In just 346 miles, the Owyhee River flows through three states and some of the most remote country in the Northwest. Originating in Northeastern Nevada near the town of Owyhee, the river steadily pushes northwest through Idaho’s southwest corner, where it is augmented by the floatable and challenging South Fork of the Owyhee River (also a Nevada native) before crossing into Oregon’s southeast corner. From the state line the river continues northwest and collects the currents of several forks and tributaries before turning north and then northeast for its confluence with the Snake River near Oregon’s own town of Owyhee. So the river goes, beginning and ending in itself. Along the way the river drains approximately 11,000 square miles of land, making it the second largest of the Snake’s tributaries (the Salmon River drains 14,000 square miles). The Owyhee enjoys Wild and Scenic designation on 120 miles of river, which actually includes the Owyhee Dam. In addition, the North Fork Owyhee Wilderness, the Owyhee River Wilderness, and Pole Creek Wilderness were designated in 2009.
Between the Owyhee’s length and its many forks, boaters have several options for scenic and exciting river trips. The stretch of river from Rome to Birch Creek or Leslie Gulch is an exceptional float trip usually completed in four or five days with easy access a BLM-operated boat ramp near Rome, Oregon. The take-out for this section is either Birch Creek or Leslie Gulch, and boaters must weigh the pros and cons before deciding which to use: Leslie Gulch has much easier road access and is absolutely beautiful in its own right, but it sits at the end of the 10-mile long Lake Owyhee. Slocum Creek Campground is near the boat ramp. Boaters who opt for the Leslie Gulch take-out frequently arrange for a motorized tow, and commercial outfitters often bring an outboard motor along with their trips. The Birch Creek take-out sits upstream of the lake, but its road access is extremely steep, rough, and requires four-wheel drive; rains are known to soften this road to the point of closure, which wreaks havoc on shuttle plans.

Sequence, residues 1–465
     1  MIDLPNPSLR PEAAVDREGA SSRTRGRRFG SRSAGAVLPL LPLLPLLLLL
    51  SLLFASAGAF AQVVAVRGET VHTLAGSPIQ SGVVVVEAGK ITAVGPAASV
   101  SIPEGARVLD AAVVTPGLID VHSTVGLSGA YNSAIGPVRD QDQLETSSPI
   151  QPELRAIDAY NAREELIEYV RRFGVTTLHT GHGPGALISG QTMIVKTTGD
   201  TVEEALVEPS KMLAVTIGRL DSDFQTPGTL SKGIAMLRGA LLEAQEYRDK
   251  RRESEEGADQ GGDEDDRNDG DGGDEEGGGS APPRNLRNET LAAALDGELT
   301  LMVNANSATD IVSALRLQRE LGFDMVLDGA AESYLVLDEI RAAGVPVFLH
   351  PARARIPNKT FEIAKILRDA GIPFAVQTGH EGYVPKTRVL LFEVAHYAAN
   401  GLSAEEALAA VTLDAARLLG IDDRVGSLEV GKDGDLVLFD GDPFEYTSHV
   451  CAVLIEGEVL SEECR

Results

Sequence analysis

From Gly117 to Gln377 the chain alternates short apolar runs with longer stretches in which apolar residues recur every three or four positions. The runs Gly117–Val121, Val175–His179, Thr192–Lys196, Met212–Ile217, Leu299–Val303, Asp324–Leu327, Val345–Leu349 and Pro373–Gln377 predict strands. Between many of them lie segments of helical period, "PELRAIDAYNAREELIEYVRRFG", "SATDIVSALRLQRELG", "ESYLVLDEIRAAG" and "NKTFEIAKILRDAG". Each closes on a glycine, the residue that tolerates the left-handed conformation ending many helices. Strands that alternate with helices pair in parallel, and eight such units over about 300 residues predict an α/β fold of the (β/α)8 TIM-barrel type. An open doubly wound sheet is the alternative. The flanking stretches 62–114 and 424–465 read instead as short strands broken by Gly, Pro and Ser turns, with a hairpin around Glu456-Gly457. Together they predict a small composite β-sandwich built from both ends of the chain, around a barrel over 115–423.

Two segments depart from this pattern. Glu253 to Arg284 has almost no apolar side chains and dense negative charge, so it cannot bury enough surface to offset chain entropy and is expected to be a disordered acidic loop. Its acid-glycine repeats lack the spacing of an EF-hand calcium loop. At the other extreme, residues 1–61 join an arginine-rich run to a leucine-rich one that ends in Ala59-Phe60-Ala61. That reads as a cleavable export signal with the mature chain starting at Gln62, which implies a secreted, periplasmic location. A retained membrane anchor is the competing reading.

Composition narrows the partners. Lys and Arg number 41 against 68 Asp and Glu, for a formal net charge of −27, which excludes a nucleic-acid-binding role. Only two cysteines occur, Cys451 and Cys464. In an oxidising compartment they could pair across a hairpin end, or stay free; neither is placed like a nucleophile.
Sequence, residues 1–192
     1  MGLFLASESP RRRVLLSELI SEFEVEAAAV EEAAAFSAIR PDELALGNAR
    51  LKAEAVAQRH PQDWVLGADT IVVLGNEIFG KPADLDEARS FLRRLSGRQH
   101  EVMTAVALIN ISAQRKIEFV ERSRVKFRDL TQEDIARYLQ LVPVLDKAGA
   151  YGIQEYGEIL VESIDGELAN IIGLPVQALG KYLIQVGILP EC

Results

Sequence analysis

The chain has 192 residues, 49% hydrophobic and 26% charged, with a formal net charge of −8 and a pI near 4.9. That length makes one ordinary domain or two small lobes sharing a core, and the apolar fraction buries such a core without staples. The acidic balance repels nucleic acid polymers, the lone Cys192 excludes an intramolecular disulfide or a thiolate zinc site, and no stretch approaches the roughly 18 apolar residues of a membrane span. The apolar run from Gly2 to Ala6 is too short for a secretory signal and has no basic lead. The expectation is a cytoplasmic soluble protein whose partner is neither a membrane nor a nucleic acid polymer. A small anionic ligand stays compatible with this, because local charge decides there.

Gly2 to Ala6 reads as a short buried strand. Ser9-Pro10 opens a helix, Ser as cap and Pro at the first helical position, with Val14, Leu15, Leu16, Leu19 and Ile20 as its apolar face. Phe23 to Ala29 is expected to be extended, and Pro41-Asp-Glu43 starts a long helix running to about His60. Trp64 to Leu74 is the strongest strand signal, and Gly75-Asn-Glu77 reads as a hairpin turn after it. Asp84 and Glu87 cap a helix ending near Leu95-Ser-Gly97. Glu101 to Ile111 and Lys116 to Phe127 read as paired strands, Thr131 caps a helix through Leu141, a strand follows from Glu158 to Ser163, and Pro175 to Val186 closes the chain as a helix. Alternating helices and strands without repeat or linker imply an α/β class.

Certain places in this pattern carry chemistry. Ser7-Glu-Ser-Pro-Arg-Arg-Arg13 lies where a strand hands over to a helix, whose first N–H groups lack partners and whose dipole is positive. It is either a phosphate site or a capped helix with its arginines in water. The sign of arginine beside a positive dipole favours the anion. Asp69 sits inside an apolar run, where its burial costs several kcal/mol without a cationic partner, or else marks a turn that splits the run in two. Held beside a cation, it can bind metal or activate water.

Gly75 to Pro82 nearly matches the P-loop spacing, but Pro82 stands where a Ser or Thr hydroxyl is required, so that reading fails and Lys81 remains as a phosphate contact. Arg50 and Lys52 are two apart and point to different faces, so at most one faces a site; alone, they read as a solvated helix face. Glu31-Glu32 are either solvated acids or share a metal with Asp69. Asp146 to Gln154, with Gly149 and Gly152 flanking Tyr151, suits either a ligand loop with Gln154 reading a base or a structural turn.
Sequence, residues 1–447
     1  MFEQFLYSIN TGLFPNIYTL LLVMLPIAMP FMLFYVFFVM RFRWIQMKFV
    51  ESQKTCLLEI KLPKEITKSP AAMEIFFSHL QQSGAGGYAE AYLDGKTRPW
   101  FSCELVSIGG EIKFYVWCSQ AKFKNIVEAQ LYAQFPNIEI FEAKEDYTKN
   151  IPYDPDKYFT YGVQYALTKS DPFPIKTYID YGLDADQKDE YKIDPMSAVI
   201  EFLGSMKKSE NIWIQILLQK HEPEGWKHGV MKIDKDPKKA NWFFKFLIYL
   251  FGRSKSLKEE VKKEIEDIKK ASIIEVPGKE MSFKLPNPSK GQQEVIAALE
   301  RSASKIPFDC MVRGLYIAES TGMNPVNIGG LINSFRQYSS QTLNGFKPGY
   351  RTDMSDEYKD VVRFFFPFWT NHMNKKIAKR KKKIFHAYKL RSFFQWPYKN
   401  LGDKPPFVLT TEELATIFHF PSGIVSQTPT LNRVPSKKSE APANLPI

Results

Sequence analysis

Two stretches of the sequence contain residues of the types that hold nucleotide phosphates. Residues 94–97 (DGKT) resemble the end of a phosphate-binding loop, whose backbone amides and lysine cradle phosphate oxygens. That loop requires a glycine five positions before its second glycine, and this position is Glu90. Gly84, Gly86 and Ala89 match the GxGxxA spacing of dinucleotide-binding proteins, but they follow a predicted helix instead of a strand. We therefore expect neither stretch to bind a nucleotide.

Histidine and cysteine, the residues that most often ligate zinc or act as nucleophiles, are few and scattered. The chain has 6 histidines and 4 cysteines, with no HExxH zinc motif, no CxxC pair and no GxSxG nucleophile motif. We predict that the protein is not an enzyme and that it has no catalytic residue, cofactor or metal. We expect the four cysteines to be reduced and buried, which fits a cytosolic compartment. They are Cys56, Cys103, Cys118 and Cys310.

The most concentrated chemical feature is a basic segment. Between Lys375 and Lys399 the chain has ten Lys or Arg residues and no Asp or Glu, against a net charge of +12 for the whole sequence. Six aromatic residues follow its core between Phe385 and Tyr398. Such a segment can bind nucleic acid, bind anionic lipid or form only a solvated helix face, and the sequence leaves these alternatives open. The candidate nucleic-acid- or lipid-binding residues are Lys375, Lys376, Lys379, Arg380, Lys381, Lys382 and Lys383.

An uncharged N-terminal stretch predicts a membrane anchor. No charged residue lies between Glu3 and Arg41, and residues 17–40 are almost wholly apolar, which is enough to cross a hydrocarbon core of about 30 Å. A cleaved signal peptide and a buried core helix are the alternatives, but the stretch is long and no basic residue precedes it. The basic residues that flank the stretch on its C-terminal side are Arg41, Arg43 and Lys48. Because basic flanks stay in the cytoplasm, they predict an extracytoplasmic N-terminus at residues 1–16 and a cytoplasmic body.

When it was constructed in 1932, the Owyhee Dam that creates Lake Owyhee was the world’s highest. Above this dam the Owyhee flows as freely as it has for centuries, though modern agricultural and irrigation demands do alter flows. This is generally a spring float that thrives on snowmelt and rain. Optimal river levels are usually pumping in March and April, and depending on factors such as snowpack, temperatures, and rainfall, floating can be doable as late as June, when the river becomes very technical. Spring weather in Eastern Oregon can mean blizzards and blissfully hot sun all in the same week (no joke), so boaters are advised to pack for both a winter and summer trip. At normal spring flows this river presents boaters with Class II-IV water. Whistling Bird and Montgomery are the most challenging rapids, and scouts are easy at both locations. During periods of heavy rains, expect to see rapidly rising water levels if you are in canyon sections.
A brief list of some of the notable rapids on this run follows, but please consult a river map for specific locations and information.
Owyhee River boaters can expect a full immersion into a remarkable desert river ecosystem. Red-winged blackbirds ring out from the reeds, swallows dart over the water and into mud nests, western meadowlarks sing to each other from opposite banks, and sage-grouse fan and dance among the leks; antelope speed across the plains and bighorn sheep gracefully move across the rocks and canyons; sage perfumes the air, and spring wildflowers such as lupine, arrowleaf balsamroot, and phlox add color to the grasslands. Simply floating along the river provides a sensuous feast, and side-hikes only enhance wildlife viewing opportunities. Hikers also have the opportunity to explore the many petroglyphs in the area, some of which have decorated riverside rocks for thousands of years. Lucky explorers may even find arrowheads, though it is imperative to leave them where they are found. Evidence of human habitation in this area extends back more than 10,000 years. This stretch of river is also famous for the Iron Point canyon walls that vault above the river, but the jagged beauty of the Owyhee Canyonlands extend far beyond the river and also merits room for side hikes in your itinerary.